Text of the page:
Here’s a fashion shoot by Yaniv Edry that mostly involves hanging out on a roof with some Israeli girls.

Devil in the Details

Photos by Ben Ritter and styling by Annette Lamothe-Ramos. See more

Roger Perry’s long out-of-print The Writing on the Wall—–a collection of photos charting London’s early graffiti scene—is being republished this week. Here, George Stewart-Lockhart, an art historian and publisher who wrote the extensive new foreword for the re-release, takes us through a few of his most striking images.

Roger Perry’s long out-of-print The Writing on the Wall–a collection of photos charting London’s early graffiti scene—is being republished this week. Here, George Stewart-Lockhart, an art historian and publisher who wrote the extensive new foreword for the re-release, takes us through a few of his most striking images.

Portraits from the Largest Flea Market in Prague

Portraits from the Largest Flea Market in Prague

A Brief Anthology of ‘Quotations’ – An Homage to the Final Chapter of Susan Sontag’s On Photography
Susan Sontag closes her seminal book On Photography with a “brief anthology of quotations”—compiling remarks from various brilliant people on the topic. Sontag writes:
The final reason for the need to photograph everything lies in the very logic of consumption itself. To consume means to burn, to use up—and, therefore, to need to be replenished.
There’s always a new thing to look at, the same way there’s always a new way to say that. The following statements are a variation on Sontag’s original collection of quotes—misheard, translated, or reimagined for the year 2014 and for replenishment’s sake. This isn’t what they said, but it’s what they meant.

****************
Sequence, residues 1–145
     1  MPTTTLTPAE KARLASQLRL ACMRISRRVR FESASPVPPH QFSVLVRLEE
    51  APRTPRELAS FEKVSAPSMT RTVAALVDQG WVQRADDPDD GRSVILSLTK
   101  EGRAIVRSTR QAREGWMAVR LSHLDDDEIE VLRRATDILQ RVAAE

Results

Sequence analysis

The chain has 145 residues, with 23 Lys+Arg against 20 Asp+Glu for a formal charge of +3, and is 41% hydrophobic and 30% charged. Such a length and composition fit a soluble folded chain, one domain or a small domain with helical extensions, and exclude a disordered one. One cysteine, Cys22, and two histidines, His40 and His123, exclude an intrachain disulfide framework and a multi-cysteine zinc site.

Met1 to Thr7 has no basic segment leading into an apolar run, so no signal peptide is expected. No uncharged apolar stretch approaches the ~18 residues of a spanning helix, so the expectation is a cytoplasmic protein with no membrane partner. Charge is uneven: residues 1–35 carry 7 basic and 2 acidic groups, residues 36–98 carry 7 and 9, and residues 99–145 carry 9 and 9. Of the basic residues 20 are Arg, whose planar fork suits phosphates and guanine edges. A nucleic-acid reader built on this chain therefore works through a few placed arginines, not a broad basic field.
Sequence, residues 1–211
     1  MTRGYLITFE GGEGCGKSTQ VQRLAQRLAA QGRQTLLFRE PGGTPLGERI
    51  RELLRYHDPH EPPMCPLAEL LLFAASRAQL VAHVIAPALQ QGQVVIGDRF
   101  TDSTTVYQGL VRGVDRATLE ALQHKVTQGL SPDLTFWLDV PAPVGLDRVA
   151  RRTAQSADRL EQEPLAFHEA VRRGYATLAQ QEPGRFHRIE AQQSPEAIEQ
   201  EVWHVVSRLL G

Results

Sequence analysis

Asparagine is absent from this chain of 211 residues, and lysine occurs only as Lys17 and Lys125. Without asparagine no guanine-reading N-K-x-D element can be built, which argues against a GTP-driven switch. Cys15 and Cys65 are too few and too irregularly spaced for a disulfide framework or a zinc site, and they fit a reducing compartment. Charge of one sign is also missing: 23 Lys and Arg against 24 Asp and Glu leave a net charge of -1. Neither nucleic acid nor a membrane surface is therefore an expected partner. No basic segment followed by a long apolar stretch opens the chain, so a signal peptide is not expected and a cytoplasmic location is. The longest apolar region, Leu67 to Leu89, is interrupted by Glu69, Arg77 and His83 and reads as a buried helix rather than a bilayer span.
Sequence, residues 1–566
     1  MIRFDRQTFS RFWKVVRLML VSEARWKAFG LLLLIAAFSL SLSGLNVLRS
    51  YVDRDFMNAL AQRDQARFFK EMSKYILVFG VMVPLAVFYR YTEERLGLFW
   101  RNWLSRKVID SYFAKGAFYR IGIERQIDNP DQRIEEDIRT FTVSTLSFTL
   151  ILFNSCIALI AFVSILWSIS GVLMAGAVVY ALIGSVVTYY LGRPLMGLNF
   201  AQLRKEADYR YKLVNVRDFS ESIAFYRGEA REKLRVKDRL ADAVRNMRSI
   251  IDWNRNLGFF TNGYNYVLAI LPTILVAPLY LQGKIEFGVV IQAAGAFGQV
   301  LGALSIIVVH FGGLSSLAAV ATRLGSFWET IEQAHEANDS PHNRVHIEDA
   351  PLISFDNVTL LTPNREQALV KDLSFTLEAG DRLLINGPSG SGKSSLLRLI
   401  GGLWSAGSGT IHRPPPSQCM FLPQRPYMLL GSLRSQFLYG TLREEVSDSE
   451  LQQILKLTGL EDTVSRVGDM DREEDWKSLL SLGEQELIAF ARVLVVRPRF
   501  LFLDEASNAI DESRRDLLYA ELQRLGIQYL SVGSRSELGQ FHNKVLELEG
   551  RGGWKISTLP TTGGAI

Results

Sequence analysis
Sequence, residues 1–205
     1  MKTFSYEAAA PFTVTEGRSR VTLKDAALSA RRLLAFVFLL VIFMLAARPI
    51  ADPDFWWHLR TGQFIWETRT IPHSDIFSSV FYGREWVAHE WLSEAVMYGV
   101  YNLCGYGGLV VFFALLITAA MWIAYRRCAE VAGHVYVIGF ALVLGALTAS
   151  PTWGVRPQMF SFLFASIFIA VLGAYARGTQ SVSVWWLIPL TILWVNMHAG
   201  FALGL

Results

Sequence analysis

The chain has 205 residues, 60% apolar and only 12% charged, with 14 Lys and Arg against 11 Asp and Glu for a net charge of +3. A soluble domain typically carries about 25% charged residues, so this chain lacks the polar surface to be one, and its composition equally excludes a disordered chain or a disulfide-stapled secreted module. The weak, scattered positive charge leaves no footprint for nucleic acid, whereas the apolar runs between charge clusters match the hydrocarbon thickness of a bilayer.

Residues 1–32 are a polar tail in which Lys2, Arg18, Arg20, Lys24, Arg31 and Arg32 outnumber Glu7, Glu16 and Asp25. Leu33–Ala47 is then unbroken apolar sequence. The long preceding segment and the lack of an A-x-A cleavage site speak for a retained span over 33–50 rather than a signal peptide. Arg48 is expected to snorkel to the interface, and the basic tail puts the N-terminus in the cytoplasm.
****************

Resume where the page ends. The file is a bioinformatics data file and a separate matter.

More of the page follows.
Beauty, you’re under arrest. I have a camera, and I’m not afraid to use it.—Julia Margaret Cameron

I love looking at famous people. Because of the way they look. Because of the way photography makes them look famous.—Arthur Schopenhauer

I can only see beautiful things when I’m fucked up.—Friedrich Nietzsche

If you can take photographs with language, I’m taking one right now.—Lewis Hine
Continue

A Brief Anthology of Quotations’ – An Homage to the Final Chapter of Susan Sontag’s On Photography

Susan Sontag closes her seminal book On Photography with a “brief anthology of quotations”—compiling remarks from various brilliant people on the topic. Sontag writes:

The final reason for the need to photograph everything lies in the very logic of consumption itself. To consume means to burn, to use up—and, therefore, to need to be replenished.

There’s always a new thing to look at, the same way there’s always a new way to say that. The following statements are a variation on Sontag’s original collection of quotes—misheard, translated, or reimagined for the year 2014 and for replenishment’s sake. This isn’t what they said, but it’s what they meant.

Beauty, you’re under arrest. I have a camera, and I’m not afraid to use it.
—Julia Margaret Cameron

I love looking at famous people. Because of the way they look. Because of the way photography makes them look famous.
—Arthur Schopenhauer

I can only see beautiful things when I’m fucked up.
—Friedrich Nietzsche

If you can take photographs with language, I’m taking one right now.
—Lewis Hine

Continue

From the 2014 VICE Photo Issue: Cindy Sherman, Cover Girl (Vogue)